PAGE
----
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Farmers need to become more cost conscious says Joe Melody in his latest column which warns of the dangers on losing attention on new gimmicks.

We’ve now passed peak calving season with almost 60% of the herd now calved. This seems to be representative of what’s happening on many farms across the country. The work is relentless across farms currently due to this tighter calving spread. There are many pros to compact calving but when things go wrong there’s a multiplier effect from this concentrated work load so fingers crossed the system works smoothly over this intense period.

With the advent of vaccines and a greater focus on dry cow mineral feeding, one would hope some of these problems would be averted due to good disease preventative plans.

Grazing has been intermittent at best since the start of the month. On the drier days cows are left grazing full time but once the cows get restless they are brought into the shed. On the wetter days we steal whatever few hours we can at grass for our milking herd. Once the cows get accustomed to grazing after the winter, I find that all they want is grass. They need their fill of grass regardless of the inclemencies of the weather so we try and let them out to graze with an appetite. There is no feed to rival spring grass, its just the accessing of it can be the challenging part.

Clare Echo Planning

I notice a higher percentage of cows and first calvers showing signs of heat early in the season and seems to be the case on farms in general, hopefully this will set up cows well for the coming breeding season. I’m already hearing talks of breeding season and were not long into calving season, bull brochures are out already and some are selecting their team of bulls for breeding season 21.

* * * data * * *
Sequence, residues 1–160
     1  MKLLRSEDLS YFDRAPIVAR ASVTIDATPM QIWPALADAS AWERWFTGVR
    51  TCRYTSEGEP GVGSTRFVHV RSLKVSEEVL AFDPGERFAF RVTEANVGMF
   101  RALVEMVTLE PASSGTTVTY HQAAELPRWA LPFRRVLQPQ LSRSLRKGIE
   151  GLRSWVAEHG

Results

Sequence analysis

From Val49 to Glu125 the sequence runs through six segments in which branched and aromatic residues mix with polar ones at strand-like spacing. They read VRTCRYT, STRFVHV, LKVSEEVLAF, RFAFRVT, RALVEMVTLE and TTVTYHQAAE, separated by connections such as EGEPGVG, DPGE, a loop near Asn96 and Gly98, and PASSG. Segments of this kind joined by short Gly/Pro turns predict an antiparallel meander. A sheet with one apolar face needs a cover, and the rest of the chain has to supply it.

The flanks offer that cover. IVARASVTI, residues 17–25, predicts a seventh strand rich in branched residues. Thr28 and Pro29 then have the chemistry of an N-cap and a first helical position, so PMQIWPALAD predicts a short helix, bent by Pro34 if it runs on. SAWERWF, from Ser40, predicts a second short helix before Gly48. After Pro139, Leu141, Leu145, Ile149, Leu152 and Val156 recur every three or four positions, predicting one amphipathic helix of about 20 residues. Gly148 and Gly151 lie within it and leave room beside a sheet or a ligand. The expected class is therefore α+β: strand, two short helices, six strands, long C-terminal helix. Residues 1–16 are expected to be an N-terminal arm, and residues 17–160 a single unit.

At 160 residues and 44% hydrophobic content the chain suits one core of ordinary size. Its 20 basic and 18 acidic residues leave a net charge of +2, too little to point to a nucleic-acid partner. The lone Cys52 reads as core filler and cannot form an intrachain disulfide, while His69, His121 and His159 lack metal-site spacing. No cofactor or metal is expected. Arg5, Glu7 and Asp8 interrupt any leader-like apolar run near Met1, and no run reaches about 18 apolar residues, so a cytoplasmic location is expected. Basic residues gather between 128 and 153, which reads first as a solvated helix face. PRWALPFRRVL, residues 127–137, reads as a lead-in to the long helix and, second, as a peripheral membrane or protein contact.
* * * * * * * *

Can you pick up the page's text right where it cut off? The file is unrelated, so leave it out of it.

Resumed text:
With a positive outlook for dairy markets this year, it’s disappointing to see that input prices are on the rise with nitrogen prices surging. This is being blamed on COVID-19, Brexit and insert whatever other relatively unconnected geo-political crisis here. In our experience at home, the profit monitor is a useful tool in benchmarking your own farms costs with similar farms and seeing where you’re performing well alongside where you might not be getting good value. We as farmers need to be much more cost conscious in a world of passing back cost increases to the primary producer i.e. the farmer.

Purchasing groups have become common place where a group of farmers band together to achieve scale when ordering their inputs, farmers have often saved several thousands of euros in the process. Farming is a very capital intensive business and in a good year there will be many shiny toys dangled in front of farmers but these all have to be paid for. The questions I would ask whether it be a product for animal health all the way to a machine is how will this product improve my quality of life? How will it increase the business’s net profit? In the case of an animal health supplement, what trials are there on its efficacy by a non biased entity? There are still plenty of snake oil salesmen out there ready to peddle their latest gimmick to part you and your hard earned money.

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